Divorce trials are much like other trials. They involve witnesses, testimony, evidence and arguments. Evidence is gathered and exchanged during the process of discovery. Discovery is a fact-finding process that requires each party to a divorce exchange information and/or documents requested by the other party. This generally takes place leading up to a trial and helps each side prepare their argument.

Discovery can include:

  • bank statements and other financial documents,
  • property appraisals,
  • deeds,
  • wills,
  • parenting or custody evaluator reports,
  • medical records and any prior divorce records that are admissible as evidence and relevant to the issues at hand.

They must be “discoverable”, meaning they are admissible as evidence.

Certain documents, like attorney-client communications or protected healthcare information, may not be discoverable and cannot be used as evidence in a trial.

Discovery usually includes a standard set of financial documents and anything that supports yours or the other side’s argument. Trials often focus on the financial aspects of divorce however couples can also head to trial over custody arrangements or visitation schedules.

These issues will require evidence that addresses the specific conflict. For example, if the divorce trial was focused on a custody arrangement, you may have therapy or counseling records, a parenting evaluator report and declarations from witnesses such as childcare providers or close family members. These pieces of evidence would be able to paint a picture of the parenting abilities of a spouse through demonstrating their history as a parent, their mental health as well as their general character and trustworthiness.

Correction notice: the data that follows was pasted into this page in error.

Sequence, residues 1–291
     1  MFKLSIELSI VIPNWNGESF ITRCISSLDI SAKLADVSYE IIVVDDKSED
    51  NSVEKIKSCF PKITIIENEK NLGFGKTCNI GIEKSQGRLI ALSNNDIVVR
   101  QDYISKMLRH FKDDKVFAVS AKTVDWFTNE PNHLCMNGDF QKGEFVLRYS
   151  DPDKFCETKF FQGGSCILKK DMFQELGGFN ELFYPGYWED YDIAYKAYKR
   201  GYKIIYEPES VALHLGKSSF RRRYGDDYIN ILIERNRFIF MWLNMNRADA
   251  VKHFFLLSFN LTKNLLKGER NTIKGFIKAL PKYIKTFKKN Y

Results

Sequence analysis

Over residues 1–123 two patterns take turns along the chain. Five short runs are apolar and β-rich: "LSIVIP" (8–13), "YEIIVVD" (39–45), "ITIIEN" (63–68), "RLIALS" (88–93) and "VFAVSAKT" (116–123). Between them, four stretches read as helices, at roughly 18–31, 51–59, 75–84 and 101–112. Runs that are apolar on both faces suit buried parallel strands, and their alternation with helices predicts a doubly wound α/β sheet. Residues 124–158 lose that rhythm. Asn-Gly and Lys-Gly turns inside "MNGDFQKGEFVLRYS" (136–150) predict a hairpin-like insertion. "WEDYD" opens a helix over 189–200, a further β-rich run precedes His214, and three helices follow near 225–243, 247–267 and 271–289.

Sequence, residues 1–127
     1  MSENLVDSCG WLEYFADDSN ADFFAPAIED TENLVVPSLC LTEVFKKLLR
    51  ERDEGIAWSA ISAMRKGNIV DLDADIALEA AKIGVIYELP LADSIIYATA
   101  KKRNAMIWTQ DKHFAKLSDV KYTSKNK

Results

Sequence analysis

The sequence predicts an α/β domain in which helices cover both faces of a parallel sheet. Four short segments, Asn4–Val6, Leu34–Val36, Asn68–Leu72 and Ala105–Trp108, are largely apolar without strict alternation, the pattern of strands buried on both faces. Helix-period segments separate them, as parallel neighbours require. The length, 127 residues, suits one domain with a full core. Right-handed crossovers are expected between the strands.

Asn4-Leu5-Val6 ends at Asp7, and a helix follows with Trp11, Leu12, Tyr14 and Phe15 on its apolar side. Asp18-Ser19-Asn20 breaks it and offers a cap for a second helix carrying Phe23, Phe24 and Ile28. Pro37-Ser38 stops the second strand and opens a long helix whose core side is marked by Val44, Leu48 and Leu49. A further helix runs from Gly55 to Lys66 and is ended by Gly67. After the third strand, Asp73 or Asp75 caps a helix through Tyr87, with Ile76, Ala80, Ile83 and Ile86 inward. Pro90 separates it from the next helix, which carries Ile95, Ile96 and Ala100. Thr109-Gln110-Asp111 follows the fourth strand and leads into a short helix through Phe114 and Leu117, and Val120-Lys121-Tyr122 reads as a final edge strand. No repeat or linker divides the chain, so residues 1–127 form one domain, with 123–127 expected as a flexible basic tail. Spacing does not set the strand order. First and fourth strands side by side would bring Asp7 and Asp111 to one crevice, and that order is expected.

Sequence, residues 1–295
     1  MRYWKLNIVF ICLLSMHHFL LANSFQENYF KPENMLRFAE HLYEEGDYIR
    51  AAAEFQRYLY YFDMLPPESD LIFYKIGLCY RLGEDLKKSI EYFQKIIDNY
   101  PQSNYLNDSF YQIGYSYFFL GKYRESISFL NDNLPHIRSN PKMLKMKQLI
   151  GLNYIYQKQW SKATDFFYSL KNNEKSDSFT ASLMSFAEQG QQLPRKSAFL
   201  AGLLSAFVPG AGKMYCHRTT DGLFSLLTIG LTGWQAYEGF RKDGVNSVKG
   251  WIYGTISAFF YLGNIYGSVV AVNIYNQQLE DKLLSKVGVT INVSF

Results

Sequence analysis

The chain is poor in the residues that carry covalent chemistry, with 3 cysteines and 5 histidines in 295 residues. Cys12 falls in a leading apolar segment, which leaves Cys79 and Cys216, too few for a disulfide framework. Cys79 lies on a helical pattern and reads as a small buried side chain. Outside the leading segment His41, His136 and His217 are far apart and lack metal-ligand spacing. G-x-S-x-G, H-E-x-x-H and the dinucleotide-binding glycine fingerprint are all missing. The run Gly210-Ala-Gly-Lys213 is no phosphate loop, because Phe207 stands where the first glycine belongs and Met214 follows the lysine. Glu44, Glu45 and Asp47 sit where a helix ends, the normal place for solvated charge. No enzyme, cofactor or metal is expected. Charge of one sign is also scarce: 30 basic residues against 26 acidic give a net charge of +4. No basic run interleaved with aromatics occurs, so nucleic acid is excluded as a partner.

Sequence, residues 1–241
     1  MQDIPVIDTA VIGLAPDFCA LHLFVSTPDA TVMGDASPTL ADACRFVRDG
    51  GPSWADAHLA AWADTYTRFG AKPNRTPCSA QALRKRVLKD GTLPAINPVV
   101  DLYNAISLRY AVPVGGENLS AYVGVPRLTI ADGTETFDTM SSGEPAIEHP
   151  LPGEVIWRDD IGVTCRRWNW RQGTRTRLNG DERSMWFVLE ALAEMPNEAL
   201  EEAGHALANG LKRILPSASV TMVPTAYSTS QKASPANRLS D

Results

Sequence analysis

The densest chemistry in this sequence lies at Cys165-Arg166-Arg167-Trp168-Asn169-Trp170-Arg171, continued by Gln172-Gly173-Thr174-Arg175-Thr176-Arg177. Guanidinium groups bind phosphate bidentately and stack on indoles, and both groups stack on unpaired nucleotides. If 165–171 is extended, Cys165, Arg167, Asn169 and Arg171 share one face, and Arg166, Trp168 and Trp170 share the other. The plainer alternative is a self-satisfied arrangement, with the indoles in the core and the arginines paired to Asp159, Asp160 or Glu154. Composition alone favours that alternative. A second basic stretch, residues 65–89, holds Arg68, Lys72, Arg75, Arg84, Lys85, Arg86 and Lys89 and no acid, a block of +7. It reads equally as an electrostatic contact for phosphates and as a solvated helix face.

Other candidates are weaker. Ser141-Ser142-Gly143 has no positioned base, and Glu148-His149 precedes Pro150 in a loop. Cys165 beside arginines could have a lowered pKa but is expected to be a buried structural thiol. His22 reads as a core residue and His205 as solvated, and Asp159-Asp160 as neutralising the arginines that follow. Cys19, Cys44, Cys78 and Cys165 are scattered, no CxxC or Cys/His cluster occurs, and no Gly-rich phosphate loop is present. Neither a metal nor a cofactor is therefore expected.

If there were an issue of domestic violence involved in this conflict, you may also find police reports, protective orders, records of abusive text messaging or emails, and/or declarations from witnesses who’ve witnessed the violence in the home.

A divorce trial only comes after litigation options are exhausted, often taking months. This means that while both parties already know the general circumstances of the case, an agreement still has not been reached. You could also be heading to trial after unsuccessful mediation.

Speak to a skilled family law trial attorney if you feel your case may be heading to trial. California laws on what can and cannot be used evidence can be complex and it is very important you are aware of what might be held against you in court. Understanding the evidence that will need to be exchanged prior to trial can also help you envision what a likely outcome might look like and it will also inform you of what information you need to successfully present your case in court.

Are you in the Los Angeles area and have questions about the use of evidence in your divorce trial? Certified Family Law Specialist Mark H. Karney has experience handling complex divorce trials in Los Angeles County. Serving Los Angeles and surrounding areas, California family law attorney Mark H. Karney offers efficient and tenacious legal counsel. Call our office at 310-622-9434; email us at intake@cfli.com or contact us through our online form today to schedule a free consultation.